The middle-aged presenter of a British TV show about cars has been suspended by the BBC for allegedly hitting his producer during a “fracas.”
Big deal, you might think; hardly global news. Except that, for many people, the suspension last week of Jeremy Clarkson, the controversial presenter of the BBC’s “Top Gear” program, is a big deal. Nearly a million people have signed an online petition demanding that the BBC reinstate Mr. Clarkson. The story dominated news in Britain, and made headlines across the world — and here I am writing about it for The New York Times.
But then “Top Gear” is a very peculiar cultural phenomenon. What began in 1977 as a regional show about cars and road safety is today the BBC’s greatest global export. Boasting a worldwide audience of 350 million, ranged across 214 territories, it is the most watched factual program on Earth. It generates £20 million (about $30 million) in profits for the corporation every year.
Kenan Malik (New York Times)
It is a show about cars in which the cars are almost incidental. The essence of “Top Gear” lies in childish pranks, “politically incorrect” jokes, smutty comments and laddish banter. The reputation of the show has been enhanced — or diminished, depending upon your point of view — by a series of controversies over the years, ranging from schoolboy stunts to racial slurs.
Jeremy Clarkson at a soccer match earlier this month, in London.CreditMatt Dunham/Associated Press
Mr. Clarkson has, variously: crashed a pickup into a tree to test the truck’s strength, damaging both; been accused of despoiling Botswana’s pristine Makgadikgadi salt pans by driving across them; been chased out of Argentina by an angry crowd after touring in a car with the registration plate H982 FKL, supposedly a provocative reference to the 1982 Falklands War; driven around an Indian slum in a Jaguar fitted with a toilet “because everyone who comes here gets the trots” (a British colloquialism for diarrhea); caused outrage by giving the Nazi salute in a segment about German cars; and sung the nursery rhyme “Eeny, meeny, miny, moe,” appearing to include the line “Catch a nigger by the toe” (the segment was cut from the broadcast).
Mr. Clarkson, who joined the program in 1988 to give it, as a BBC report put it, “a more abrasive edge,” has come to define the show’s ethos. For some, Clarkson is an irreverent, controversial rebel. For others, he is a chauvinist bigot.
In reality, he is neither. He is more like the schoolboy who has never grown up — the one who stands behind the teacher in the playground pulling faces or ties a firecracker to a cat’s tail.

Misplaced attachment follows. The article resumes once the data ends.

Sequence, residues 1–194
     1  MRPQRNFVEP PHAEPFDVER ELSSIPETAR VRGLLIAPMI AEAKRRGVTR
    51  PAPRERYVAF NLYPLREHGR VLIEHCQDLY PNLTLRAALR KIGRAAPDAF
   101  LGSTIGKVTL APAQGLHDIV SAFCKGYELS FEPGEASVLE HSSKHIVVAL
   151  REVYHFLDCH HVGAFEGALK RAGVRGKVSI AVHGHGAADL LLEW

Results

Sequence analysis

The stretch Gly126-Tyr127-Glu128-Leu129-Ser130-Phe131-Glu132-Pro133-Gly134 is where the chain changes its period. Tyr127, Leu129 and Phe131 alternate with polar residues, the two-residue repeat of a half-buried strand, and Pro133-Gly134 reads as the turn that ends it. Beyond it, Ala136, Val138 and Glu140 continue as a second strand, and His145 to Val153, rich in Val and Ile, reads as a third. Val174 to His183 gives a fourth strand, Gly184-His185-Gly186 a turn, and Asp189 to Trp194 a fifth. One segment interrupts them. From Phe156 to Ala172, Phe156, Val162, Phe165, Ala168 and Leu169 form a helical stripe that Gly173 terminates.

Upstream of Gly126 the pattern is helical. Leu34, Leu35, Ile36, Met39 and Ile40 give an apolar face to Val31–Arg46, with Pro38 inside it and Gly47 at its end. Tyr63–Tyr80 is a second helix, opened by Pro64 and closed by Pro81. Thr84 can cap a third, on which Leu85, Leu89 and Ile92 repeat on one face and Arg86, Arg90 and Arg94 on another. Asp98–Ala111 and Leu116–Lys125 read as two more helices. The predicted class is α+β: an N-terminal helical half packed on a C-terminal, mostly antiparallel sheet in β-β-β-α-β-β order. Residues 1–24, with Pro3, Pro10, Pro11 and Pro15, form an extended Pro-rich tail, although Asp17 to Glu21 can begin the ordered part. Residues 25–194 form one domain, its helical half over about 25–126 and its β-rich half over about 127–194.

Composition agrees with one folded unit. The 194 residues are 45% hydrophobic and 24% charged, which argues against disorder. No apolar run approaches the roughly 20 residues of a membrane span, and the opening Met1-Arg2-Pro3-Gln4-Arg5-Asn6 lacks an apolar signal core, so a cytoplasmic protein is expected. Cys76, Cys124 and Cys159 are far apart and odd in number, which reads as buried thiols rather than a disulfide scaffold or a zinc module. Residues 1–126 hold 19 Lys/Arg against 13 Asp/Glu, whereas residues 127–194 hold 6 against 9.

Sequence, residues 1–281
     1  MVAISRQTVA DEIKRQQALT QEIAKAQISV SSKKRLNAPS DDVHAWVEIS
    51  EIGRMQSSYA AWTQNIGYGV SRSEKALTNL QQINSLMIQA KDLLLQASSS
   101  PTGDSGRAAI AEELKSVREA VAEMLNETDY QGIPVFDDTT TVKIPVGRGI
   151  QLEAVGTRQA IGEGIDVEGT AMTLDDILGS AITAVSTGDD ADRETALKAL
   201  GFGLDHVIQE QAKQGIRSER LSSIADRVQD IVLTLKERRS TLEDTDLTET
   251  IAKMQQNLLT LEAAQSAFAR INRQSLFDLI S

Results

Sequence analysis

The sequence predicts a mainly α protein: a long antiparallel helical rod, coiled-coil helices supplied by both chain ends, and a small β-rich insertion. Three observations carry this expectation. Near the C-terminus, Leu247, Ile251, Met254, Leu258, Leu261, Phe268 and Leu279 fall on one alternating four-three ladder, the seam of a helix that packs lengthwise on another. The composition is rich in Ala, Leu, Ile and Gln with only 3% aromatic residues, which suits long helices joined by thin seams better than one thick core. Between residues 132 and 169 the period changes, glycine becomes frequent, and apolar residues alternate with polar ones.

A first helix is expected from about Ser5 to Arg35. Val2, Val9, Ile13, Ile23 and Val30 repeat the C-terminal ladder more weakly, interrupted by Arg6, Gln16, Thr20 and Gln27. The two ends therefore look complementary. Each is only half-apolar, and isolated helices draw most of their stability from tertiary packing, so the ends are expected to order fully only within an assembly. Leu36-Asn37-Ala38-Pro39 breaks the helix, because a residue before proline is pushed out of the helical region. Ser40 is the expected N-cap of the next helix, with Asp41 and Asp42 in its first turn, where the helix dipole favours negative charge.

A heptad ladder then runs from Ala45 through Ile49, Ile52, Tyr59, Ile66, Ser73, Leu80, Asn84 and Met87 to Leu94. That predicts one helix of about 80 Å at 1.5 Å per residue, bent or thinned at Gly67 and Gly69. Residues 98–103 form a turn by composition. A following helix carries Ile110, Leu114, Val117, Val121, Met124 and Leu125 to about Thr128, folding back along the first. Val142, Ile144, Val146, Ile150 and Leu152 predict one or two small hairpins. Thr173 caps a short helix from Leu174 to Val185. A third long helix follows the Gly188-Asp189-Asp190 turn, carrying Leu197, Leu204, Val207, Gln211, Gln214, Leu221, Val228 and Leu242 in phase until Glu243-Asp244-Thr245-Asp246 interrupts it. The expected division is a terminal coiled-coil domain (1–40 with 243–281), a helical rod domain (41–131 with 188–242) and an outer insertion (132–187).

There is a long English tradition of this kind of adolescent humour, from saucy seaside postcards to comedians like Benny Hill. In the past, when sex was the great taboo, it was innuendo that felt naughty. Today, it is more likely to be political incorrectness. This is not because there is anything transgressive about telling jokes depicting Germans as Nazis or making racial slurs about Asians, but because struggles over appropriate language have become a form of cultural warfare.
Rules about acceptable speech have, over the past three decades, become increasingly significant forms of social regulation. From bans on hate speech to the policing of offensive language, the management of how people talk to each other has become an important means of supervising social relations and establishing moral boundaries. The fact that codes of speech are enforced in this way has led many to push back against them.
This is not simply a case of left vs. right or liberals vs. conservatives. Certainly, political correctness has come to be associated with the left, and many liberals have come to view the appropriate use of language as key to social change. But many conservatives are equally censorious and keen to use speech codes as a way of regulating social relations.
In this struggle over speech, those who protest against restrictions are often characterized as bigots who want the freedom to use racist, misogynistic or homophobic language. But many free speech campaigners, myself included, view the right to freedom of expression as central to the struggle against bigotry. And then there are those who feel marginalized and voiceless, and express their estrangement from mainstream institutions by rejecting what they see as the liberal consensus.
Few of the 350 million people who watch “Top Gear” across the globe, or the almost one million who have signed the petition for Mr. Clarkson’s reinstatement, are likely to be either bigots or free speech advocates. But many chafe at the imposition of rules about what is culturally appropriate. That may explain how a show with a very English kind of puerile humour has gained a global audience.
What should be unsettling is not so much Mr. Clarkson’s transgressions as the fact that a multimillionaire who counts Britain’s prime minister among his close friends should be seen as an outsider or rebel. It is a sad reflection on the contemporary world that rebelliousness has, for so many, been reduced to racist slurs and schoolboy pranks.
Equally sad is that so many others should expend such energy and rage railing at Mr. Clarkson. A Guardian editorial likened him to an “ogre.” The “Top Gear” presenter may be a jerk, certainly; but an ogre?
In the left-leaning magazine The New Statesman, one feminist critic wrote that “if every signatory to this petition were boiled down for biofuel, the world would be a cleaner, smarter place.” There is sufficient blind contempt there to suggest a promising future as a “Top Gear” scriptwriter.
The task of challenging bigotry has been diminished to the policing of language. The task of challenging conformism has been reduced to infantile jokes. It’s not just “Top Gear” that these days seems adolescent.